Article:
Reflections on My Fulbright Journey to China

By Visiting Associate Professor Jeff Thaler

Prof. Thaler teaching at Hebei Normal UniversityTwelve time zones and over 7,000 miles separate the University of Maine School of Law from Kunshan, China. However, during my recent work as a Fulbright Specialist in China, I was amazed by the many similarities that I found both in daily life and with the legal issues on which I teach and lawyer. I am inspired by the many potential economic and educational opportunities that exist for Mainers if we make the effort to learn more about and make more connections with China and its people.

When I first applied to the Fulbright program in 2017, I had no idea what I was getting into. I thought that if selected, I would appear on a roster that universities around the world would examine like a menu, and then one school would pick me to do my Fulbright work there. Wrong. Once selected, it turned out I had to find a host university interested in working with me. Then, we had to put together a project proposal to compete at the country level with other proposals and, if we passed that hurdle, then on to Fulbright in Washington for another competitive round. After months of that process, our proposal had to be approved by the U.S. State Department.

Thus, I spent many months researching dozens of law programs around the world; reaching out to deans and faculty at two dozen schools in a dozen countries; and navigating their decision making processes. Eventually, in June 2018 two proposals had gotten to the Washington stage – in Denmark and China (not the Maine towns). I was given 24 hours to pick one to submit for the final two eliminations stages. I do not speak or read Chinese, nor have I ever been to China. I knew it would be easier to go to Denmark, in part because that country is a world leader in renewable energy and on climate issues. However, I thought—when else am I going to get to China? Also, China is the fastest growing renewable energy market in the world, a major player in climate-Arctic-environmental issues, and the largest economy in the world.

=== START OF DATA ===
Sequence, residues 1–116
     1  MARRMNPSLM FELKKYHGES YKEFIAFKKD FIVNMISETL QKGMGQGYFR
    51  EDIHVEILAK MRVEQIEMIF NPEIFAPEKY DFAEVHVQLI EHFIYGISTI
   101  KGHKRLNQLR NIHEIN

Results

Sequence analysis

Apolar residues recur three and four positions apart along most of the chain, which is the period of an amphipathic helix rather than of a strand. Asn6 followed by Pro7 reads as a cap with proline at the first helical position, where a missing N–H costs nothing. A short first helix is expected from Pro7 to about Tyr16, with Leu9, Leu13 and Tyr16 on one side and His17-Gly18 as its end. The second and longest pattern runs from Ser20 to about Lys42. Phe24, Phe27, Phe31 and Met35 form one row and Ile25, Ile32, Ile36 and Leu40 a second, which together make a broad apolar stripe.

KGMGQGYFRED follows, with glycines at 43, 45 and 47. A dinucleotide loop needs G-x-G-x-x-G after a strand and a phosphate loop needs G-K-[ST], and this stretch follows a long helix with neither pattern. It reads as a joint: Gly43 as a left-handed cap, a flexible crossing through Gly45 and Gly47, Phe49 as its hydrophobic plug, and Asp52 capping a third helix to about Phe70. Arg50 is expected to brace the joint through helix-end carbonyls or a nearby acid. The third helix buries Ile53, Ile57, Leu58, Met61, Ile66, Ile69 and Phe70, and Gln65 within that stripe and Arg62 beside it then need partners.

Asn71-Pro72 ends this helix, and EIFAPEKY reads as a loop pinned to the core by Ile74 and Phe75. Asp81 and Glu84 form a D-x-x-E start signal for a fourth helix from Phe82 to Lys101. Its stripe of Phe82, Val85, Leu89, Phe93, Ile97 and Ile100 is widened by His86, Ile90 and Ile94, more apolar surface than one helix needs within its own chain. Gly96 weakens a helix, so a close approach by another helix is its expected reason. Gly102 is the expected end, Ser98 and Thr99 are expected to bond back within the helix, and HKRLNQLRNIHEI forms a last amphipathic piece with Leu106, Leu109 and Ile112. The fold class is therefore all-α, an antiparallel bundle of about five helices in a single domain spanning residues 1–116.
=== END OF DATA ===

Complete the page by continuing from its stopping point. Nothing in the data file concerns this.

I rolled the dice, and chose China. It took another six months before the final approval of my project.  With the eruption of the U.S.-China trade war, I worried whether I would get an approved visa. That finally came through in June 2019, and I departed two months later.

A field trip to a coal-fired power plantI was based at Duke Kunshan University (DKU), a brand new school located about 45 miles west of Shanghai. North Carolina’s Duke University is building DKU. Currently there are five small graduate programs, and the first two years of undergraduates. The goal is 2,000 undergraduate students, thus a major building campaign still is underway. Most of the students are Chinese, and all of the classes are taught in English. I was based in DKU’s International Master of Environmental Policy Program. I prepared reading materials for students, as well as taught some of the classes, on environmental, energy and climate policy, and litigation issues in China, the U.S., and globally. I also co-led an all-day field trip of 45 students, faculty, and staff to visit both a coastal wind farm and a coal-fired power plant.

Additional projects and presentations included: